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"How many months have 28 days?" Grammar Question Options
Creios
Posted: Monday, May 11, 2015 12:46:20 PM
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Joined: 5/11/2015
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Hi Everyone!

I know it's kinda lame to ask but how do you understand the question, "How many months have 28 days?".

At first, I understand this as a question wanting for exact 28 days since it does not say "How many months have at least 28 days?" nor it says ""How many months have 28th day?".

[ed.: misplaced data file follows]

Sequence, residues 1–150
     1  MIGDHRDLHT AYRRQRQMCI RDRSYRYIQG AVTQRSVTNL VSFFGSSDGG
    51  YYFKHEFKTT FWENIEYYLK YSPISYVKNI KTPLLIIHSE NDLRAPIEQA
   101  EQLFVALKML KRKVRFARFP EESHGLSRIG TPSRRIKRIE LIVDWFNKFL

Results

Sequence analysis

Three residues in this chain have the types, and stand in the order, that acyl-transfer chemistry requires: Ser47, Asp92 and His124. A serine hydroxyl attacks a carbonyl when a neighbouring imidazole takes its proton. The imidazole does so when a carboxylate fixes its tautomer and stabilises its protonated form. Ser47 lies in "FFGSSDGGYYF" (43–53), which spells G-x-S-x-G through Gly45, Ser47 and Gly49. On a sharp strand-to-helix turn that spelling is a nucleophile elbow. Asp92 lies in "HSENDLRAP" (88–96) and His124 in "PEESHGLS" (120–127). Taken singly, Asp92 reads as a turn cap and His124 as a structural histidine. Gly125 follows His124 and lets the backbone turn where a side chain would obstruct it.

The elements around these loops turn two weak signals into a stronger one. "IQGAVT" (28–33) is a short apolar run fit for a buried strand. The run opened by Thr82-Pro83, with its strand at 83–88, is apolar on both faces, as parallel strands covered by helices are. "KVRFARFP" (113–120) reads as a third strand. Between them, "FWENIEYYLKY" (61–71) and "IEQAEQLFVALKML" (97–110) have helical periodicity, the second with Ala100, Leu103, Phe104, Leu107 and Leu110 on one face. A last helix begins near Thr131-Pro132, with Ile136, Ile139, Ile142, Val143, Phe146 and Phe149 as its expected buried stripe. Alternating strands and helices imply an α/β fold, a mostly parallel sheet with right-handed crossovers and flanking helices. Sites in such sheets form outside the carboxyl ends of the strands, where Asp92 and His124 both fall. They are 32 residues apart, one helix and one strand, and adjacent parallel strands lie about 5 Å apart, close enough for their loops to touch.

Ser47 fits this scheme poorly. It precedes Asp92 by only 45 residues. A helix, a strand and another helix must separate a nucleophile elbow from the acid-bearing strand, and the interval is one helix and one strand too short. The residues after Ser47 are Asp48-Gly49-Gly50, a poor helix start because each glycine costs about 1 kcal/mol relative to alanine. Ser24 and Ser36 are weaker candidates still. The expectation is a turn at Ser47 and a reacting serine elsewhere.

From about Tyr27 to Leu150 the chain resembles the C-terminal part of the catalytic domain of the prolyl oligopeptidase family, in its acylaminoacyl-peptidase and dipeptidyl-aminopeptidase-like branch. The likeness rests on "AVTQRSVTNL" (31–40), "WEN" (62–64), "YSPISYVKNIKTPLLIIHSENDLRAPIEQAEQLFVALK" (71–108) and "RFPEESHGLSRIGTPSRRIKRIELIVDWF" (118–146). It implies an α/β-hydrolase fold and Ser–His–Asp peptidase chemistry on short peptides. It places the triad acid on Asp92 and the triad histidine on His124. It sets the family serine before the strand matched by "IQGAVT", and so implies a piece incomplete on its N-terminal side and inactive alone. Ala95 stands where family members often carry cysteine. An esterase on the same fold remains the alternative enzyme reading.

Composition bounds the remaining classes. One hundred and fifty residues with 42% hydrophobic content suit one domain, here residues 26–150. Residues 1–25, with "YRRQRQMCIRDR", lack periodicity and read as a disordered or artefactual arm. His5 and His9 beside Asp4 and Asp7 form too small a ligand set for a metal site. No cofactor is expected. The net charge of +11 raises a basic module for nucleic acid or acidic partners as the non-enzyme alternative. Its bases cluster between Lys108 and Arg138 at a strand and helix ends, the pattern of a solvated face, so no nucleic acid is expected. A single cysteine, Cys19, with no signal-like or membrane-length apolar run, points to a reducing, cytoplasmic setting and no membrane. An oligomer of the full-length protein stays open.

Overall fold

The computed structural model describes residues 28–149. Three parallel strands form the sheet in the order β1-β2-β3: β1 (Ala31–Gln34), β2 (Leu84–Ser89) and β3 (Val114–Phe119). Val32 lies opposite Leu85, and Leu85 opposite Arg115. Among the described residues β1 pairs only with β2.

What bothers me is that I saw grammar book (oh yes, a grammar book), that shows this question and says that the answer is "all months".

Am I correct that the questions entails exactness?

Thanks in advance!
thar
Posted: Monday, May 11, 2015 12:51:15 PM

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It does sound like a trick question.

All months have twenty-eight days, it is just that most have more than that.

If the person who asks you this is a child in a playground, then it is a trick question.

If you answer, "February", they gleefully tell you you are wrong.

If it is asked by your extremely forgetful accountant when he is busy putting together a report, then he is probably asking with the assumption 'a month with twenty-eight days' is one which does not have thirty or thirty-one (but does sometimes have twenty-nine....) That is the common sense part.
jacobusmaximus
Posted: Monday, May 11, 2015 12:53:33 PM